My Anxiety & Me
From the outside, I am confident, I have a great job, great family and friends, but underneath is a very different story altogether. My name is Darragh and for the past 20 years I have been tackling the crippling effects of anxiety.
I was a pretty shy kid, but always happy-go-lucky. I was full of energy, but always a little different to everyone else. I remember my first wave of anxiety, sitting at the top of the class, the teacher said I must never play rounders’ with the girls again, that I was sissy and go play with the boys. All eyes were on me, judging and laughing, I never felt so alone. At age 10, I just wanted the floor to swallow me up.
This was only the start of it.
When I started secondary school, those differences to the other kids were magnified, highlighted and ridiculed. It began small mocking how I spoke, laughing at my interests and my appearance.
But then I started to hear the word gay, queer, puff… I couldn’t fight back, I said nothing, how could I? They were right! I was gay, I did dislike football, I was spotty, I was awkward. I agreed with what they were saying, so how could I possibly fight back? I lost my voice, my strength, my courage.
When I went on to college, my peers no longer bullied me, instead I did. My own thoughts more cutting than anything I heard in the school yard. I couldn’t look at myself in the mirror. I hid my face when out in public. It lead to persistent panic attacks. I hated socializing in pubs and when I did, I used alcohol to numb that internal voice, the negativity, the anxiety – however fleeting the silence.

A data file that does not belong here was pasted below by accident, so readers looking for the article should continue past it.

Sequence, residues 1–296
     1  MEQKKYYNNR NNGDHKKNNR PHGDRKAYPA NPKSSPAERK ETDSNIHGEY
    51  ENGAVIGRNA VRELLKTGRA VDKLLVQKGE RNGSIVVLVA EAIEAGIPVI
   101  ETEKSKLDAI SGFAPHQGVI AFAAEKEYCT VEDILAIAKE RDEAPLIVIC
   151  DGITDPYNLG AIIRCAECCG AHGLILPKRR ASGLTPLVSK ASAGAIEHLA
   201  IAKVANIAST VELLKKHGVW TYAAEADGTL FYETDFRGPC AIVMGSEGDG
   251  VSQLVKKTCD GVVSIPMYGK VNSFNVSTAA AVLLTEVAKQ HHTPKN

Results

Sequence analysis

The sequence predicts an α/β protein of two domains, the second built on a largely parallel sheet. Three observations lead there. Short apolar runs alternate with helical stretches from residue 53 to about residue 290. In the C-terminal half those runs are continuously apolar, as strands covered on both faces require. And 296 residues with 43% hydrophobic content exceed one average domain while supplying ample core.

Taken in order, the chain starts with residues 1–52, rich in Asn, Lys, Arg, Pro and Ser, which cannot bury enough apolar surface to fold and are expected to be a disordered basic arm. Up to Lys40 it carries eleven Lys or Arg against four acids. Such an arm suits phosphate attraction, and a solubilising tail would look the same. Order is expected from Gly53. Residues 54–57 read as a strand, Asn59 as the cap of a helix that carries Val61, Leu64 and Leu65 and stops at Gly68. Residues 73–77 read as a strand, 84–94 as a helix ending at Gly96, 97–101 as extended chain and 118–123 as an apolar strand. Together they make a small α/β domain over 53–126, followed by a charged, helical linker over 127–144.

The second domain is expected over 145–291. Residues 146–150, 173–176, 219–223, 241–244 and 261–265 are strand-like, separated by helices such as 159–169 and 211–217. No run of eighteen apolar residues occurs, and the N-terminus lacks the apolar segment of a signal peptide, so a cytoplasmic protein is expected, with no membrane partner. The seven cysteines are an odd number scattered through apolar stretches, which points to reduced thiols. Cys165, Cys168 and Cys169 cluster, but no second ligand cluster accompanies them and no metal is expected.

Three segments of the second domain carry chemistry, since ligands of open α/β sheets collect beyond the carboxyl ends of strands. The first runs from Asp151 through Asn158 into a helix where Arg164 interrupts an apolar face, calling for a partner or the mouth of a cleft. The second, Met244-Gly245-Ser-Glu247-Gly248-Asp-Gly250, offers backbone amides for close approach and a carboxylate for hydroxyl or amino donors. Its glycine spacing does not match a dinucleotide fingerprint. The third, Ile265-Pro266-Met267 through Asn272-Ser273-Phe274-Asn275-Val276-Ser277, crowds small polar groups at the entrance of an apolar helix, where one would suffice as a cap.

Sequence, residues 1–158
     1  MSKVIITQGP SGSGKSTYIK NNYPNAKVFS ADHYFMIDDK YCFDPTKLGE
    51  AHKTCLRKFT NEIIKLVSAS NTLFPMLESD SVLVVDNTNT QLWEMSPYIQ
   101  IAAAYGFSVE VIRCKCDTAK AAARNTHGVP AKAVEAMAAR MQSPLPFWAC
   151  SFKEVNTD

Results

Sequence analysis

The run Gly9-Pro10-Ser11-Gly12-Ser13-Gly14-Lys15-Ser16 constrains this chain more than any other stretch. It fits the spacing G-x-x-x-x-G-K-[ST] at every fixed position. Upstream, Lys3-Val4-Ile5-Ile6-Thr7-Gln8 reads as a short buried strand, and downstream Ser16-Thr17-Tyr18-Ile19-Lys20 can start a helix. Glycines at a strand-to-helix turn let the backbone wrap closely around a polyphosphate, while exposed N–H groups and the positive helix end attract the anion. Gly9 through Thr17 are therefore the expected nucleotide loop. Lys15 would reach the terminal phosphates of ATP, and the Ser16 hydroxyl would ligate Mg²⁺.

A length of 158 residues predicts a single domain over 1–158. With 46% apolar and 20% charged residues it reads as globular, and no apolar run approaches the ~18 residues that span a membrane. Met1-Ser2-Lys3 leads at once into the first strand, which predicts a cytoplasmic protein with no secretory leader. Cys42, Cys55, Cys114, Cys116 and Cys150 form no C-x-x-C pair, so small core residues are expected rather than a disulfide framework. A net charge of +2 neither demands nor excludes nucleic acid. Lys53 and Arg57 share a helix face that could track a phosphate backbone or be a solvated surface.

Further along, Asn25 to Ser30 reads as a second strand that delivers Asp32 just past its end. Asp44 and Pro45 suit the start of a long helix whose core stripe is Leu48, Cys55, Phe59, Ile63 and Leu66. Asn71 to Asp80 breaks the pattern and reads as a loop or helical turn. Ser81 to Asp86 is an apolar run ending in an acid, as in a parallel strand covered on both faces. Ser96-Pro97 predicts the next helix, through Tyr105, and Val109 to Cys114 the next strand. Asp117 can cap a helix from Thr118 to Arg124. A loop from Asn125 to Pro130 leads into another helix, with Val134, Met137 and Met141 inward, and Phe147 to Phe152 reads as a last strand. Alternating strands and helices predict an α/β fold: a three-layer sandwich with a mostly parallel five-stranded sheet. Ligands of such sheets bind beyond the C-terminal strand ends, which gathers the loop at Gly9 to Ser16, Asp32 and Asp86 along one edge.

My turning point
One day in my early 20’s, when visiting home, my mum turned to me and asked “are you okay?” I had reached my limit, my heart couldn’t take it any longer and something had to give. I just broke down in front of her. I wept and wept, I opened up, told mum everything. She put her arms around me, rang a GP and brought me straight to him.
The thing is, I didn’t know I was suffering from anxiety, extreme low self-worth and depression. I put all my focus on fixing the outside, my appearance, unable to cope with the internal turmoil. But I got the help I needed. I spoke to a therapist and he helped me retrain my mind with CBT.
The ceiling was lifted, my confidence grew, I came out, no one disowned me, slowly I started to heal inside and start accepting myself, flaws and all. This took years and to be honest I am still healing.
My anxiety is not as severe as it was before, but it’s still there. For me it is the judgment. I make the assumption people are thinking negatively of me, but I have learned to manage these thoughts. I can breathe, let the thoughts flow in and out, not giving anxiety the power.
Something that works for me when managing these feelings is meditation. I have incorporated into my daily life and I haven’t looked back. It has helped me heal the pain, become more comfortable in my own skin, to accept and love myself.
The only advice I can give anyone who is suffering from anxiety, depression, low self-worth, suicidal thoughts is to please reach out and tell someone how you are feeling. You are not alone. Asking for help is not a weakness, but such an unbelievable act of courage.
- Darragh O'Boyle
If you would like to talk to peers about your mood and your experience with depression, anxiety or bipolar disorder - Aware Support & Self Care Groups have no waiting lists, no queues, they're free of charge and they take place weekly in locations all over the country. You can share as much or as little as you would like in an open, non-judgemental environment. Find out more>>>